The Corner

White House

Pence and the Drax Invisibility Technique

House Speaker designate Nancy Pelosi (D, Calif.) speaks with Vice President Mike Pence and President Donald Trump in the Oval Office at the White House in Washington, D.C., December 11, 2018. (Kevin Lamarque/Reuters)

I was on a plane during yesterday’s Oval Office meeting but I caught up with the video. I think some of the handwringing over the spectacle is misplaced. It’s good to see politicians argue with each other. I do think that Trump got rolled into calling any shutdown the “Trump shutdown,” though I’m not sure it matters much. The people who like the wall and border security or like to see Trump fight will like what they saw, and the people who don’t, won’t.

The question I have is, who came away thinking more of Mike Pence? I understand his predicament. He can’t get crosswise with Trump or the Trump base. But he also doesn’t want to overly antagonize those less warmly disposed to Trump and Trumpian drama, who might vote for him at some future date. He wants to seem loyal and potentially presidential, on the team, but his own man.

The thing is, that’s a strategy, and it’s a perfectly defensible one. Even if it’s hard to implement. George H. W. Bush was the first sitting vice president since Martin Van Buren to be elected straight to the presidency. Americans typically don’t elect veeps straight away for a bunch of reasons. If the president had two terms, voters are usually pretty restless by the end and want a change. Americans wanted a third Reagan term. If the president is a one-termer, their failure stains the VP too. But there’s another reason: The job of the vice presidency often emasculates the person who has it. It’s inherently a beta position. Vice presidents can be attack dogs, but that role has been taken by the president himself, leaving Pence to be the in-house Laodicean, neither hot nor cold.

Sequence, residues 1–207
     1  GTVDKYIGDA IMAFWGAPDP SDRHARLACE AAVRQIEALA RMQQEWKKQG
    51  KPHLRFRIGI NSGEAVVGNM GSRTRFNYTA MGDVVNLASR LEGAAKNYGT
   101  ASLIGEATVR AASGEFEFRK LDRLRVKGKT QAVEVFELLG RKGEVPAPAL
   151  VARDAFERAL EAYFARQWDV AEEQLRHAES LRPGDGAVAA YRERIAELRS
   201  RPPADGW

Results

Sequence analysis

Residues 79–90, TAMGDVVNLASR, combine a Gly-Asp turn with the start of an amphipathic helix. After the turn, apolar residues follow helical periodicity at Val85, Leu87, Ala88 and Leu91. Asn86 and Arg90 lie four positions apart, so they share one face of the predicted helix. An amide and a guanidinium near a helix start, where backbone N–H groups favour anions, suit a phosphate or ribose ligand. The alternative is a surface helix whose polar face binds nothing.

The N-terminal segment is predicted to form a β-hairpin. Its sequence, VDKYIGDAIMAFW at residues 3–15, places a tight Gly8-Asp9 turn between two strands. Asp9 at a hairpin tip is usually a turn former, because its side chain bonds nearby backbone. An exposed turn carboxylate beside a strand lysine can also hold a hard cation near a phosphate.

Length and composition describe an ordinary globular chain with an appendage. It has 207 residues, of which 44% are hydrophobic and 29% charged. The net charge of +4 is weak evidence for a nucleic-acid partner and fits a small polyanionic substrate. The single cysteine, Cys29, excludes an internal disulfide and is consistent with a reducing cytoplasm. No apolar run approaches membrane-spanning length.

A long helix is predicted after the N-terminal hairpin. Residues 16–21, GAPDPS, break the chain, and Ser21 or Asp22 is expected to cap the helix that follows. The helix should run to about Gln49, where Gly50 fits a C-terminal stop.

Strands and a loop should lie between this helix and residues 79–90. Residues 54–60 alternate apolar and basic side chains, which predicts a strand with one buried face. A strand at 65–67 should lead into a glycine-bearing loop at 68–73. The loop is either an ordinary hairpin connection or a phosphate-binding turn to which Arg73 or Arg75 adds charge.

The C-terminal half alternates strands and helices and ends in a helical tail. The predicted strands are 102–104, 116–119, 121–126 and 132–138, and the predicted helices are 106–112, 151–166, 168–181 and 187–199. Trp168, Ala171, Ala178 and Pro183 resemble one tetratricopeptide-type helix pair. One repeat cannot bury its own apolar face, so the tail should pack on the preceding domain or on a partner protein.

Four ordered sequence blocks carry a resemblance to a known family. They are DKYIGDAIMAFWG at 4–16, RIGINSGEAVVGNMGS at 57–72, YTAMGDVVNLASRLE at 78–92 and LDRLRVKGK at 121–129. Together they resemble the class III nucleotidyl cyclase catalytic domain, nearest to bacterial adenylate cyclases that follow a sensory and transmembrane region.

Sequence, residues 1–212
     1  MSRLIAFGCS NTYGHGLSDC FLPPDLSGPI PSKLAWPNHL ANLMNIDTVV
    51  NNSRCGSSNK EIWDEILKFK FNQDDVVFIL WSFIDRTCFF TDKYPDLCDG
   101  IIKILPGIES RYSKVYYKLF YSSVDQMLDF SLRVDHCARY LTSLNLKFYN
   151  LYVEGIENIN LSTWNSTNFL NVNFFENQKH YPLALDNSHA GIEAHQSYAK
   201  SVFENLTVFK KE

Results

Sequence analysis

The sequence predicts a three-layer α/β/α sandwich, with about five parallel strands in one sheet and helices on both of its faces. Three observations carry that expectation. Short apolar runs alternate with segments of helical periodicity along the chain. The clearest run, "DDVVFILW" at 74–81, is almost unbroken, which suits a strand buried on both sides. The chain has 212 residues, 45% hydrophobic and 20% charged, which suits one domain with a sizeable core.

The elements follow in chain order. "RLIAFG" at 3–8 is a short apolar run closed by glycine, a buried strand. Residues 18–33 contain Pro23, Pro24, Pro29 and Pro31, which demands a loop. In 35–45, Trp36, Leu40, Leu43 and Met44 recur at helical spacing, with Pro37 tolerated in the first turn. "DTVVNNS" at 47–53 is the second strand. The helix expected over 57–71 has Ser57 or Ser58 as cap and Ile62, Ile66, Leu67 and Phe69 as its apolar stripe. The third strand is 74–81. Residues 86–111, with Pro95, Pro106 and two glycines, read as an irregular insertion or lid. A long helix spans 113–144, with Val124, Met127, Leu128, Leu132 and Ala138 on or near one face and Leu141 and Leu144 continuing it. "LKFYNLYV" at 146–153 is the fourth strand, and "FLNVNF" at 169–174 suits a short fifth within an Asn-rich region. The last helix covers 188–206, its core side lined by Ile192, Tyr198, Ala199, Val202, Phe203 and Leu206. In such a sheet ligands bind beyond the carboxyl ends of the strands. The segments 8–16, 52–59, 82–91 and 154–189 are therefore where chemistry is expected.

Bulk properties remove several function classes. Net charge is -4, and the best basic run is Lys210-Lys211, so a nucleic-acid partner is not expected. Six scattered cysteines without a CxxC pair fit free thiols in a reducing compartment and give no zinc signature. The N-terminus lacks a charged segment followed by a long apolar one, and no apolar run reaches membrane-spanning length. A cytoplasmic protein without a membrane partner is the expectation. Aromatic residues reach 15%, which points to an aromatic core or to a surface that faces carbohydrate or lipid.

But, again, what other choice does Pence have other than to follow the strategy of being a team player without the drama?

The thing is, there’s a difference between strategy and tactics. And I don’t see how the tactical decision to be in the middle of that scrum yesterday advanced the strategy. If the idea was to project the notion that he’s a crucial player, fine. Then he should have said something. If he wasn’t going to be a player, he shouldn’t have played at all. I am sure Trump wouldn’t have cared if Pence sat this one out.  But by just sitting there, obviously in great discomfort, he looked ridiculous.

It was almost like he recently watched the last Avengers movie.

Jonah Goldberg, a senior editor of National Review and the author of Suicide of the West, holds the Asness Chair in Applied Liberty at the American Enterprise Institute.

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